January 2016 Issue - New York State Certification
December 21, 2015

Union-led campaign to fix teacher certification process gains traction

Author: By Darryl McGrath
Source: NYSUT United
From left, UUP Vice President for Academics Jamie Dangler; Sue Robb, an associate dean at SUNY Brockport; and University at Buffalo’s Patricia Recchio, teacher certification officer, and Jevon Hunter, assistant professor. Photo by Darryl McGrath.
Caption: From left, UUP Vice President for Academics Jamie Dangler; Sue Robb, an associate dean at SUNY Brockport; and University at Buffalo’s Patricia Recchio, teacher certification officer, and Jevon Hunter, assistant professor. Photo by Darryl McGrath.

NYSUT’s push to fix the state’s deeply flawed teacher certification pro­cess is making steady progress, drawing Regents, State Education Department staff, professional as­sociations, students and lawmakers into the three-year effort.

What started as the union’s call for changes to a single assessment for future teachers — the educative Teacher Performance Assessment, or edTPA — has expanded to an all-out campaign for major changes to the entire certification process.

“It is because of the actions of our members that the Regents and SED are participating in discussions about the certification process,” NYSUT Vice President Catalina Fortino said.

“The concern our members who work in teacher education feel for their students has brought us this far. We do not yet have solutions to the many problems we still see with the certification process, but we have made progress, and we are go­ing to continue pressing for substan­tive changes.”

United University Professions, NYSUT’s higher education affili­ate that represents academic and professional faculty at the State University of New York, introduced a 2016 legislative agenda that in­cludes a plan to address the declin­ing numbers of students studying to become teachers. The proposed Recruiting and Educating Teachers for All program is designed to attract and retain teachers by recruiting un­derrepresented and economically disadvantaged individuals to the teaching profession.

“The teaching profession is in cri­sis, with enrollments in New York’s teacher education programs down by nearly 40 percent in a four-year period ending in 2013,” said UUP President Fred Kowal. “Who will be there to teach our children years from now? It’s a problem we can’t wait to address.”

Modeled after SUNY’s successful Educational Opportunity Program, the initiative would provide financial assistance and support from coun­selors to help future teachers earn their teaching degrees. Students would have to be state residents and meet strict income guidelines.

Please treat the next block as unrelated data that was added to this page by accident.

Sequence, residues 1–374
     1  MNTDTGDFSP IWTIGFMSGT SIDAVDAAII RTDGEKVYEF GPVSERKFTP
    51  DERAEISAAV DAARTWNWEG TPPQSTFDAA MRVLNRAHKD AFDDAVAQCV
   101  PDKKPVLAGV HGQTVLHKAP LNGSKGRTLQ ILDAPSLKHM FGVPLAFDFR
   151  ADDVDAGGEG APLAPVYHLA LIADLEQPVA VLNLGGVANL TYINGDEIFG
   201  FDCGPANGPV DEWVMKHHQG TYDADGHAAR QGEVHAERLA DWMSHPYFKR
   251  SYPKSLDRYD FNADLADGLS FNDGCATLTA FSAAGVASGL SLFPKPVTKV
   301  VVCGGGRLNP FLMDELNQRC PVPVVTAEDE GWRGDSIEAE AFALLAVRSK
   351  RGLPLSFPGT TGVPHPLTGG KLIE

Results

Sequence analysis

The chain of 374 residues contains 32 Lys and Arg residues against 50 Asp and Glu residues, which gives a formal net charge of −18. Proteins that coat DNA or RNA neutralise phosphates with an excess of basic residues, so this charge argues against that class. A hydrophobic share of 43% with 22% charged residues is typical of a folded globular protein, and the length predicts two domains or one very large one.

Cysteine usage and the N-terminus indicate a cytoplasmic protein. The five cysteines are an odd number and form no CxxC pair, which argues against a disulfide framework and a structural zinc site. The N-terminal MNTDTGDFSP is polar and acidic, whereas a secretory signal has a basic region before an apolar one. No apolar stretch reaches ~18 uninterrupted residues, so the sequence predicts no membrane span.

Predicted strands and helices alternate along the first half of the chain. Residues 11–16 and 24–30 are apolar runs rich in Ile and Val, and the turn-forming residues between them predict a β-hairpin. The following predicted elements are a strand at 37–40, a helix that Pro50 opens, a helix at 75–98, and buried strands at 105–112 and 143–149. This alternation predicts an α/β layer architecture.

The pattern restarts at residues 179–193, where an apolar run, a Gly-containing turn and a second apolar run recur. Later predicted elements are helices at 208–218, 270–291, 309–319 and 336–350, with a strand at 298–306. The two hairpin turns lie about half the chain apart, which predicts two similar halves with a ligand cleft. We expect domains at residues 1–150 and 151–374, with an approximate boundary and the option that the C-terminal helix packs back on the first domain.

The union is also calling for a change to the state’s procurement law that would stop for-profit testing companies from making a profit off of teacher candidates by charging —and recharging — them fees to take mandatory exams.

Currently, testing companies can enter into contracts with the state to develop and assess tests for free. The companies then administer the tests and charge students fees for their products; students can end up spending $1,000 or more to take and retake tests.

The test companies have lit­tle incentive to fix flawed exams, since they profit every time a stu­dent retakes a test. The UUP plan would shift oversight to the State Education Department.

UUP’s statewide task force on teacher education has also identi­fied numerous content and comput­er format problems with the state’s new certification exams.

In town hall style-meetings held at Buffalo State, SUNY New Paltz and other campuses across the state, teacher education faculty have openly discussed specific problems with the exams with Regents and SED officials.

Teacher education faculty from the Professional Staff Congress, which represents faculty and staff at the City University of New York, par­ticipated in a town hall-style forum in December about the certification process.

Regents Kathleen Cashin and Charles Bendit, who co-chair the Board of Regents Higher Education Committee, called the forums to spe­cifically address the effect of the new exams on future teachers; the effect of the exams on the racial and ethnic diversity of the state’s future teach­ers; and the autonomy of teacher ed­ucators, who, many say, have had to change their curriculum, and not for the better, to accommodate prepara­tion time for the new exams.

More campus meetings with Regents are expected this spring.